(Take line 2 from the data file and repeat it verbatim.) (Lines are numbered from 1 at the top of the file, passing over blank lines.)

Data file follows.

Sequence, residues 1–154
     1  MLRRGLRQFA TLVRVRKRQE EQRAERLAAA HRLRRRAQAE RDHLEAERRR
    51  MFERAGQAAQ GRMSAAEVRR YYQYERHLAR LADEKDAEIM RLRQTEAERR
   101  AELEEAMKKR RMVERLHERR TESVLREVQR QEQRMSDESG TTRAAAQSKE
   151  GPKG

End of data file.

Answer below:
     1  MLRRGLRQFA TLVRVRKRQE EQRAERLAAA HRLRRRAQAE RDHLEAERRR